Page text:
The Ragged Edge

This is kind of a development document trying to get some of my ideas about human interstellar settlement into order. It’s both kind of in-character and out-of-character as I haven’t quite worked out the specifics of the fictional technology and society involved.

In the early days, most interstellar settlement was in support of research facilities. Most research went into trying to study how Earth might respond to changes. This lead to a bimodal distribution of early settlement. The largest peak was lifebearing planets very much like Earth. The second peak was lifebearing planets very, very different from Earth. Continuing communication and ultimately return to Earth was a priority, so most of these settlements were fairly near to Earth.

There was a third, much smaller, peak in settlement in those early days. This was settlement by people who just wanted to get away from Earth for some reason. Some were drawn by romantic ideas of an untouched frontier. Others simply sought out a place to carry out their own utopian experiments(or build cults) in isolation from what they saw as the tyranny or corruption of society on Earth. Many were simply people with antisocial tendencies avoiding the dictates of authority above themselves. These people were often willing to brave long harrowing voyages in the hopes of maintaining their isolation. After long journeys to place themselves far from Solar civilization, these people could often afford to be picky about where they set down roots, choosing the nicest worlds. On the other hand, many of these people pushed their ships too far and had to settle on the first marginally habitable world to avoid being lost somewhere in space. This led to a somewhat flatter probability distribution with a peak at the most Earthlike worlds and tapering smoothly to increasingly unpleasant places.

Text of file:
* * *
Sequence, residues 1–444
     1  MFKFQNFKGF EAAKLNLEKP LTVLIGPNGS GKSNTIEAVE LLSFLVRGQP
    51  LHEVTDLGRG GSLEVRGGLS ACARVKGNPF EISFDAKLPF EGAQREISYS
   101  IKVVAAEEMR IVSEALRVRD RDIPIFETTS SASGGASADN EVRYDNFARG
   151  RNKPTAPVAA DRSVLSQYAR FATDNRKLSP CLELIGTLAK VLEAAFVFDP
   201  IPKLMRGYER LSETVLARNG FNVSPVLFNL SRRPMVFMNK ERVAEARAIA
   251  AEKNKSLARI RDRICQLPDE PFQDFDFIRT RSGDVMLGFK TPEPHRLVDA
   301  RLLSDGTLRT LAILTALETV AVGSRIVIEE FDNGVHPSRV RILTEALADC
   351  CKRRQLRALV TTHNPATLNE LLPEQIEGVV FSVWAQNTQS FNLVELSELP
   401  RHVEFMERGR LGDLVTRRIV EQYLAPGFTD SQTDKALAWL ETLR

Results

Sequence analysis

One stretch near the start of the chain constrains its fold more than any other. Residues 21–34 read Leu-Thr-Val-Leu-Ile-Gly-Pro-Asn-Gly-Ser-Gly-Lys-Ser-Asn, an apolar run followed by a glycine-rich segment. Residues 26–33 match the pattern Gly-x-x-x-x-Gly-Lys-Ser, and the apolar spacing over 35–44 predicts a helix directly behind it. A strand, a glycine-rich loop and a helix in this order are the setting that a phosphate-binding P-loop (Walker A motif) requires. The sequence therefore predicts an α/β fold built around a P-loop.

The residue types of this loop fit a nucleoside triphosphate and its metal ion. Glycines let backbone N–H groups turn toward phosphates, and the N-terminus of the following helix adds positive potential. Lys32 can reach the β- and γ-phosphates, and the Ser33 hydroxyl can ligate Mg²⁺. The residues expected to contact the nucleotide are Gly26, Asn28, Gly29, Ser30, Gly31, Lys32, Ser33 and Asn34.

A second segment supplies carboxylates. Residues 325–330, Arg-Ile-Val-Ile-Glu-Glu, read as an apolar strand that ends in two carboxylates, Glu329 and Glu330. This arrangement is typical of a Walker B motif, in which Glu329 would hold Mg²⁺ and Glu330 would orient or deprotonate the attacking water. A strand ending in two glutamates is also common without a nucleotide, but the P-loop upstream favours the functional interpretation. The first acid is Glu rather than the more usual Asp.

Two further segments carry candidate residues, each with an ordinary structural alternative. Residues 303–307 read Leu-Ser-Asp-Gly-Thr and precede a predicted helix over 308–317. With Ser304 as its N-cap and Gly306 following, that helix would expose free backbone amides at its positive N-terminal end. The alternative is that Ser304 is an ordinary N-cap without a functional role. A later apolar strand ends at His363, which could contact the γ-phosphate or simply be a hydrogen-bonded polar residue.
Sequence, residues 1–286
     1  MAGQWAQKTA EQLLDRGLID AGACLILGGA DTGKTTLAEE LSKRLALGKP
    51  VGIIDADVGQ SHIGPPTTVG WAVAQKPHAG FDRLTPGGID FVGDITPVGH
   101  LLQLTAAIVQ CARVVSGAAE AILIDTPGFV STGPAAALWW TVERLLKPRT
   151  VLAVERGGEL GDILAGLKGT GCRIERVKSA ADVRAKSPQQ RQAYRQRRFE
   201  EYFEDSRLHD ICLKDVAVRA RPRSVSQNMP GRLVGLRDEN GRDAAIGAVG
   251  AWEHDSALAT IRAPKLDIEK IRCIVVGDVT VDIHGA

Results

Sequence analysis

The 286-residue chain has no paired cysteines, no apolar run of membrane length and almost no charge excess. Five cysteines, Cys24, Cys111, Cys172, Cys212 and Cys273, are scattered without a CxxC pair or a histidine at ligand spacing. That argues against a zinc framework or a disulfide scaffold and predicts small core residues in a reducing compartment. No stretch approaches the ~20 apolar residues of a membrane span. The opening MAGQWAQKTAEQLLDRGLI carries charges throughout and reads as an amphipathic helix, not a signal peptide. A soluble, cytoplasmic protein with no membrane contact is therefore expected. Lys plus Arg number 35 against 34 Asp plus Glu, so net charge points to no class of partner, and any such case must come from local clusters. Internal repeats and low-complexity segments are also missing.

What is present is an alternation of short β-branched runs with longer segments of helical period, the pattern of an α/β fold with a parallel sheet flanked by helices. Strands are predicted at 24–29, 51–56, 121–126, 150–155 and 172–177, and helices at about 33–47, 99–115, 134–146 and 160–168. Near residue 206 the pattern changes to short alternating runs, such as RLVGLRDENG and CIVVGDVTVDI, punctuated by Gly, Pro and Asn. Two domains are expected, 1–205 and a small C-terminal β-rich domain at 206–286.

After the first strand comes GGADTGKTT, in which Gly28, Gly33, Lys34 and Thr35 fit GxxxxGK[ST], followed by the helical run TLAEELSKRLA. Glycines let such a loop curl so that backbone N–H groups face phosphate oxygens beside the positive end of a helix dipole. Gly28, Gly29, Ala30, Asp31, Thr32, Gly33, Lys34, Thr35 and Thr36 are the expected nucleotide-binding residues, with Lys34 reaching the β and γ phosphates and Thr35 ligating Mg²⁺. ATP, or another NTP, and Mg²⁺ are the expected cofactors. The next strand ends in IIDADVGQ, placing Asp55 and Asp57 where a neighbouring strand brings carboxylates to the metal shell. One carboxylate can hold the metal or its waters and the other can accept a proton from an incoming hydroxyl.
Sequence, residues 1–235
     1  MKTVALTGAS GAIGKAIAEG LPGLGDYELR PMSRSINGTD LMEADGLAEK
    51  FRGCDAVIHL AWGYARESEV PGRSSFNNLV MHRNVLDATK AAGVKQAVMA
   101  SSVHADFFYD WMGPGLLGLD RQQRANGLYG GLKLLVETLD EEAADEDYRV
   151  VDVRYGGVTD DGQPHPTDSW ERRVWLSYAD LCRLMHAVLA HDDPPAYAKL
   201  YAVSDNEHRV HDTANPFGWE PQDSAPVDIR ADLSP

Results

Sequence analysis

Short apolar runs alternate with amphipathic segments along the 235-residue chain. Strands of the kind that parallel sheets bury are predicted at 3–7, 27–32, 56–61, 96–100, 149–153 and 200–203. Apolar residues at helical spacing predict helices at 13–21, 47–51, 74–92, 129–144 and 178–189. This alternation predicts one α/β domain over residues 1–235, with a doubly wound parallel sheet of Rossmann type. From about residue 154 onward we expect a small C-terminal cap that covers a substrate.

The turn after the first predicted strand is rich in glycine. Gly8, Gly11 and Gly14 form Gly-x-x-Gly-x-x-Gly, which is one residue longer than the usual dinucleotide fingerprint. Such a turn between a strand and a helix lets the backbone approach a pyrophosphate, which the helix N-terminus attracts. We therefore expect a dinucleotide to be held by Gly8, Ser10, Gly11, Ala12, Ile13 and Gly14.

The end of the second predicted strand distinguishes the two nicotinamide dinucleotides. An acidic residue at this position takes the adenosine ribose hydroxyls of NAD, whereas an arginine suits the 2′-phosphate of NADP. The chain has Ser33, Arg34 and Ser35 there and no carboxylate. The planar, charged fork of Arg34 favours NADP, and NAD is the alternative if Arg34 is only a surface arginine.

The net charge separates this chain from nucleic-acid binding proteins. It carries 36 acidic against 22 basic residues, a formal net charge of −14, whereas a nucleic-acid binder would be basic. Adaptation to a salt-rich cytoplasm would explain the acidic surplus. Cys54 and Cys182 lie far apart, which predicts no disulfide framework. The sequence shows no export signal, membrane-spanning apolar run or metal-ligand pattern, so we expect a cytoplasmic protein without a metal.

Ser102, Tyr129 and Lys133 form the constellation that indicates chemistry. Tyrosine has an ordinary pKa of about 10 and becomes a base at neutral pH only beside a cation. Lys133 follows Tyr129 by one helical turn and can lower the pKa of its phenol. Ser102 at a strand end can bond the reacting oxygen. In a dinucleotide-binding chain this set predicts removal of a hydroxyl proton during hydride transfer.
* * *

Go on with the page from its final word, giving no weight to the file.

As starships grew faster, permanent settlement became more common. Most people tried to settle closer to Earth in order to take advantage of the routinely accessible amenities of Earth and the core worlds.

There were still people who, for whatever reason, wanted to escape the influence of Earth and its civilization. Theses people continued to push their ever faster ships to try to avoid the spread of the greater civilization as long as possible. Many of these settlements were planted in the hopes of being able to establish dominance over a region of space before the expanding wave of civilization broke over their new worlds. Others, more realistic, simply sought to grow their population to the point where their world could remain independent of the greater civilization. There was always a residuum of settlers who believed, if they could just get far enough out, they might never again be under the dominance of Earth’s civilization.

Although the speed of interstellar travel continued to increase, the outer limits of common human settlement actually began to slow down. Early ships might have taken weeks to get to the closest stars and later ships could travel much longer distances in shorter times, but as conveniently reachable distances increased, the number of desirable worlds increased as the square of the speed increase. What this meant was that, if a handful of worlds was reachable for early ships, vessels ten times as fast could reach a thousand times as many worlds. While some of the problems of maintaining a cohesive civilization may scale with time lag of communication, other problem simply scaled with the number of entities involved. This became especially pronounced as interstellar society began to encounter earlier waves of separatist settlements. Some of those earlier settlements grew away from the sentiments that had earlier driven them away from the mainstream of human society and integrated fairly well, while others diverged still further in isolation.

Once the technology of interstellar travel became more mature, even the rate of increase in speed became less pronounced, stalling the wave of general expansion. Coupled with the still slow expansion from the various far-ranging outlier settlements, this led to the Ragged Edge, an area of spotty civilization at the edge of human settlement and exploration.

Hopefully, this was useful and not too confusing. I think it is probably a plausible pattern of settlement at the frontier of an interstellar civilization that has not yet approached any natural bounds.

Thank you,
The Astrographer

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